Jennifer Rosen Heinz (42)
Mother to Max (12) and Lilly (8 - pictured). Early miscarriage 3 years prior to pregnancy with Max.
Cincinnati, OH. Photographed in Madison, WI
Jennifer shares -
"Before I had kids, I would say that although I talked the talk of body acceptance, I still had a deep-seated fear/hatred of my body. Growing up, I was always looking at my body and seeing things I didn't like. There wasn't one thing about my body that I thought was good enough.
During both of my pregnancies, I suffered from Hyperemesis Gravidarum. With my first full-term pregnancy, I was somewhat relieved at first to be so sick, because I was told that that meant it was a healthy pregnancy. I definitely had a lingering fear that I would miscarry, because of my first pregnancy experience. But that wore off pretty quickly-- I could barely keep anything down, was nauseated the entire pregnancy, and ended up after delivering about 25 lbs lighter than when I got pregnant. I was never treated with anti-nausea meds (I actually at one point begged for them, to no avail) and ended up in the hospital / ER multiple times for dehydration.
At the end of the pregnancy, I developed Cholestasis of Pregnancy, which is a build up of bile salts underneath the skin, and was induced with my son at 37 weeks, because at 38 weeks gestation, Cholestasis results in a much higher mortality rate for the baby. I spent as much time while I was pregnant sleeping as I could-- at least if I was sleeping, I wasn't nauseated.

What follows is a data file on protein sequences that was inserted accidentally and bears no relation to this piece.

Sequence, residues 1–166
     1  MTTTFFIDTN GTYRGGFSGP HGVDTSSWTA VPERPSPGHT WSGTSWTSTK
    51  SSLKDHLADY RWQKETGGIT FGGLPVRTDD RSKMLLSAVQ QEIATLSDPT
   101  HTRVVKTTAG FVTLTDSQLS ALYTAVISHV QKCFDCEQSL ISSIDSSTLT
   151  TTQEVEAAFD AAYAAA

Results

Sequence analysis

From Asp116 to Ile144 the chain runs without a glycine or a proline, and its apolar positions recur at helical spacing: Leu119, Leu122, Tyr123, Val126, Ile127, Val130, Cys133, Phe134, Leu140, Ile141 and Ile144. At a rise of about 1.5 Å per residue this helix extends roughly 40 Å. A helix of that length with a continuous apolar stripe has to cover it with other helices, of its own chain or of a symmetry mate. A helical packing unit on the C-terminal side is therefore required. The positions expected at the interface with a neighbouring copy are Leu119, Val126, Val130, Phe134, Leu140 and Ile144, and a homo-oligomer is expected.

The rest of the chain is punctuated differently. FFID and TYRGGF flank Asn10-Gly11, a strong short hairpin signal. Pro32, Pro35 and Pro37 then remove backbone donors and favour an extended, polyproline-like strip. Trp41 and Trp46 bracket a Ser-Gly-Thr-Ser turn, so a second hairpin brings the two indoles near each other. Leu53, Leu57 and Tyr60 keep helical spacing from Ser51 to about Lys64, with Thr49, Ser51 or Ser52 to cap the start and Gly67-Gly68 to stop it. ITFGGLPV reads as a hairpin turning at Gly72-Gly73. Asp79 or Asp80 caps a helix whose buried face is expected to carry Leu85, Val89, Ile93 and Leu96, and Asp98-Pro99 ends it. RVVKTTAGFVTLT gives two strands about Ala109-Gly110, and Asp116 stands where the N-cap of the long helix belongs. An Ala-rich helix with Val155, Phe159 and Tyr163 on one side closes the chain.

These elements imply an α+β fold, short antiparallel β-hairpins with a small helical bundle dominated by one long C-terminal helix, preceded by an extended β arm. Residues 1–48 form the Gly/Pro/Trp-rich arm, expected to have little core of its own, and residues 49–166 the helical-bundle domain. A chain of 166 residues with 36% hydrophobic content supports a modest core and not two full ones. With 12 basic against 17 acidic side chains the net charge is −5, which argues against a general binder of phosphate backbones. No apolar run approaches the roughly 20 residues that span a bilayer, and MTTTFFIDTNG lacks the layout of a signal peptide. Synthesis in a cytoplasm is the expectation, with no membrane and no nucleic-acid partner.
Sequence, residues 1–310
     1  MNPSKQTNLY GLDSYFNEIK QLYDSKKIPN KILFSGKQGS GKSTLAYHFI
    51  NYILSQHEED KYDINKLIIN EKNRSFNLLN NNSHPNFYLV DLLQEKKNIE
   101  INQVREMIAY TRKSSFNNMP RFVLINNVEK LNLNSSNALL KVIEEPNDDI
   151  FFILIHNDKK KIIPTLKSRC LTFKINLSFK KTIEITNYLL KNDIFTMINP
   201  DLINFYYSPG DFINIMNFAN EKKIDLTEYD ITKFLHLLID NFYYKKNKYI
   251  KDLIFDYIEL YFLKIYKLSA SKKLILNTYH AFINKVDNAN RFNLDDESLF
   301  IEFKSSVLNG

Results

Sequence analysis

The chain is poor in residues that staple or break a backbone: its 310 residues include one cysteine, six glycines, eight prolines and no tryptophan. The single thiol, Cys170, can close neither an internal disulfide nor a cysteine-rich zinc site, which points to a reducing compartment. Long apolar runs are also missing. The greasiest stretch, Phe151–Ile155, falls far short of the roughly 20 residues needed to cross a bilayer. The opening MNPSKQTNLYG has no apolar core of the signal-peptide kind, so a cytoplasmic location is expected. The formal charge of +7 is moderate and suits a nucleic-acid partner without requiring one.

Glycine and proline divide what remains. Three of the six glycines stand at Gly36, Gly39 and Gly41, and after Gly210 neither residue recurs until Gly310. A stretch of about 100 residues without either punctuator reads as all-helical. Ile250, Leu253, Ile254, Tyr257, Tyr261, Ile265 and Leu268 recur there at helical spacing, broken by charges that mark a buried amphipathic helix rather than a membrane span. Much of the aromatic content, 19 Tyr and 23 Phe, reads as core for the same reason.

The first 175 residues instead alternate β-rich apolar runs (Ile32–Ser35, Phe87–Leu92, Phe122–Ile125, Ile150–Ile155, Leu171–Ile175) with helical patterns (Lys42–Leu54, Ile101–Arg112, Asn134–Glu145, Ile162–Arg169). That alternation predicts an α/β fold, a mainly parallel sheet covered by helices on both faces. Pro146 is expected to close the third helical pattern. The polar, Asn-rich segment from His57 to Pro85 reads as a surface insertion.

After I gave birth and my breasts engorged with milk, my ab muscles were so weak, I had a hard time sitting up and standing up straight. After having so many struggles during my pregnancy, I realized that my tummy, which I had always hated, might have actually been what saved me. It was my fat storage that sustained me. Who was anyone to judge the "looks" of my body, when my body did its number one job-- kept me, and my baby-- alive.
When I became pregnant with my second child, I knew that I would have to be much more forceful in advocating for my own treatment with the Hyperemesis. Luckily, I was able to find a doctor who truly listened and empathized, and we found an anti-emetic which helped me to eat small meals and not feel nauseated all of the time.
Because of these two pretty earth-shaking pregnancies, I have a new respect for my body. My body is not an ornament, and it is not something that anyone (not even ME!) has a right to judge or criticize. I do not talk badly about my body, and I don't tolerate others talking badly about their bodies around me (and especially around my daughter!) After my second child, I started working out quite a bit, and have been able to continue doing that for the past seven years. I do not work out to be skinny, or to have rock hard abs, or to fit into some kind of ideal. I work out for my mental health, and because I've found classes that are fun. I enjoy working out. I do not diet, and I never will. There are times when I eat better or worse, but I do not feel guilty about food anymore.